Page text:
Frugality 101: Mindset

I haven’t written too many “how-to” types of posts on frugality. This is mainly because frugality comes natural to me and I do not put much conscious though into being frugal. People do seem to be interested in how I can live on so little so I’m starting a series on frugality to give everyone an idea of how I do it. You might find some of my ideas a little extreme if so you can adapt these ideas to fit your own needs and still be pretty frugal.

I think the most important thing to change when becoming more frugal is your mindset. You need to get out of the mindset that money is the only way to solve problems and that money is the key to happiness. With a little creative thinking you will find that it is often possible to solve problems without spending money or at least without spending too much money. You will also find that there are plenty of things that make you happy that cost no or very little money. I’ll have specific examples of the most common categories as this series goes on but I think it is best to establish the mindset first.

You also need to be conscious of your spending. Many people buy a meal out, the latest bestseller, or some electronic gadget and don’t give the purchase a second thought. I consciously aware of every purchase I make. I don’t agonize over whether I should a McDonald’s extra value meal or not but I am aware that I am unnecessarily spending money and make a mental note of it. Making occasional small, unnecessary purchases of this sort won’t keep you from being frugal but allowing them to become a habit will.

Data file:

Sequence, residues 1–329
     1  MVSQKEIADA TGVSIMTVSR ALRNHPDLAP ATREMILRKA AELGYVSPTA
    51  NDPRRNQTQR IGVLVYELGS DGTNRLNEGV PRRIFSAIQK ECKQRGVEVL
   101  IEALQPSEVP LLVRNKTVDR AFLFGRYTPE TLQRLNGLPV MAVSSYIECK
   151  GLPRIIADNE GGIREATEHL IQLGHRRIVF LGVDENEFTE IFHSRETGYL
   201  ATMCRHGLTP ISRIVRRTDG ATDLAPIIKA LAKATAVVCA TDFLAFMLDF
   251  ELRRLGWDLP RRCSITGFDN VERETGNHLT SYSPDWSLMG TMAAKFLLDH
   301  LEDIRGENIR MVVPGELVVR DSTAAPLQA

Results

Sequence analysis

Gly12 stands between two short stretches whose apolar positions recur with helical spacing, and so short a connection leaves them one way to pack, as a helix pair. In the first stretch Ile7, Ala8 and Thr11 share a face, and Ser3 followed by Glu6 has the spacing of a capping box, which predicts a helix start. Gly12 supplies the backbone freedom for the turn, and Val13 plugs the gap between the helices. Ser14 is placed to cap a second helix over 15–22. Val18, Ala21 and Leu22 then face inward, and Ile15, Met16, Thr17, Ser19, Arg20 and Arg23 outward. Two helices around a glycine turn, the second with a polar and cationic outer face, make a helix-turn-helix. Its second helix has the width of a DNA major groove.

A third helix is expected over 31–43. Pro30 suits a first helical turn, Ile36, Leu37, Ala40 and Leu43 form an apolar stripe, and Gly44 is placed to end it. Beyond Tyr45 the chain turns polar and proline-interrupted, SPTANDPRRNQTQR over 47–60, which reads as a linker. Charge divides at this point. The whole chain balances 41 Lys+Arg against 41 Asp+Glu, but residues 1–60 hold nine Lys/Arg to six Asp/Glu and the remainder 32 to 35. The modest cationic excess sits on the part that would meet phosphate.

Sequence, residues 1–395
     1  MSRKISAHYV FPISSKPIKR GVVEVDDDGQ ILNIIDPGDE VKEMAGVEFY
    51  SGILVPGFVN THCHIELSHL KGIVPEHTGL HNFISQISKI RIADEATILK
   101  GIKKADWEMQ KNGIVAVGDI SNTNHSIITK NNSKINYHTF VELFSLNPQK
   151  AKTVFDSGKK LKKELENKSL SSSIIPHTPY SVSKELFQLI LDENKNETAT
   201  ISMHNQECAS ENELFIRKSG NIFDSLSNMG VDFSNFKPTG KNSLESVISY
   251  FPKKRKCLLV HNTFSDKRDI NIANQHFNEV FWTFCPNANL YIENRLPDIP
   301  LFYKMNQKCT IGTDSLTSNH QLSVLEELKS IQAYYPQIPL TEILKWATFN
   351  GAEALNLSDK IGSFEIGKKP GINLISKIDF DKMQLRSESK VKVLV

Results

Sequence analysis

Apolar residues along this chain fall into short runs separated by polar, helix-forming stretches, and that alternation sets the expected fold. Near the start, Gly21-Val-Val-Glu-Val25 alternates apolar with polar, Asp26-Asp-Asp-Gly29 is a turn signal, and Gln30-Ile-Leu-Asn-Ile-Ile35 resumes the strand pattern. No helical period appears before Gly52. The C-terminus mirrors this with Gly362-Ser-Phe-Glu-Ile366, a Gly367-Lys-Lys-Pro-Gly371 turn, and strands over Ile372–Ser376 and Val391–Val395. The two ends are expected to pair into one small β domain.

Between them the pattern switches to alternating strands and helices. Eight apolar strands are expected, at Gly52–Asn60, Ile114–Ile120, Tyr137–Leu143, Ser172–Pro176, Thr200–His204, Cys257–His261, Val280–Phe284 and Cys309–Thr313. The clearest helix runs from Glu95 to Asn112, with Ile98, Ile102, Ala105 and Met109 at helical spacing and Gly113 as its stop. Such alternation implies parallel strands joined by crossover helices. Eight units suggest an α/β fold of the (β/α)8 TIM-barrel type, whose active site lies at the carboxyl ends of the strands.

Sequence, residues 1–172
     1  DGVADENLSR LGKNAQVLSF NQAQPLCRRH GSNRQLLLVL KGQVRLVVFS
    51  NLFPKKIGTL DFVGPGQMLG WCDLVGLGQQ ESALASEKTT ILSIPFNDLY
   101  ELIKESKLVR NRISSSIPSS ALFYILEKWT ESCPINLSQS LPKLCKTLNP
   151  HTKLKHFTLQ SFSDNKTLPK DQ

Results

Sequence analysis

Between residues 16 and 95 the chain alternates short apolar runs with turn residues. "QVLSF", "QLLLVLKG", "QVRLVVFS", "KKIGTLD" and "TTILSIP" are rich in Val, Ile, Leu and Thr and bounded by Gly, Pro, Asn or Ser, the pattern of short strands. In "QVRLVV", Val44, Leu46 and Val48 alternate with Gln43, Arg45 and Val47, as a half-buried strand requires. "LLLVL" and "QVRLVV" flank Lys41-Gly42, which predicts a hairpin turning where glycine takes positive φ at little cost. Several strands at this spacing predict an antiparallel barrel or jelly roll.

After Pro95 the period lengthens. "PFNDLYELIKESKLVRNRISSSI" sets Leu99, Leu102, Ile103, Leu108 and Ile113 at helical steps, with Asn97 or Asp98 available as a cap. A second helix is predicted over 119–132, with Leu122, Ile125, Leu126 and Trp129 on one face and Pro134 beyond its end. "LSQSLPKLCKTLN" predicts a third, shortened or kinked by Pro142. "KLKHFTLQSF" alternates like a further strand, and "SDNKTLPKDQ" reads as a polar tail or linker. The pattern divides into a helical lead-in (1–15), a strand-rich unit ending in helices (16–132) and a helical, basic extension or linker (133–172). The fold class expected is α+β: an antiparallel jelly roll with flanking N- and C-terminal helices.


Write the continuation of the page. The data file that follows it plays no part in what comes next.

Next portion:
There are several tools you can use to help develop a frugal mindset. Tomorrow I will post about the best tool for helping you develop a frugal mindset and seeing where you have the most room to become more frugal.

5 thoughts on “Frugality 101: Mindset”

  1. Good ideas. I live the thrifty lifestyle. You wouldn’t believe the bargains I find at Goodwill stores! What is VERY hard is trying to teach teenagers that we must live within our means. They look around and see their friends with the best of everything (latest cell phone, name brand clothing and shoes, cars, you get the idea). Thrifty moms like me are a witch with a capital B! But later in life, I hope they look back and appreciate what I am trying to instill. I know too many people that are in financial trouble because they want it all.

    • I was brought up in a frugal lifestyle and I’ve just taken it a little farther. I remember being somewhat resentful of the frugal lifestyle as a teenager but I also realized it was a necessity so it didn’t bother me that much.

  2. I know what you mean. My mother is frugal. It seems her mind was program to be that way. I guess with six children and a very limited income can make anyone frugal and yes it rubbed off on me. It is best make it a point to think frugal, because it will become easier as time passes.


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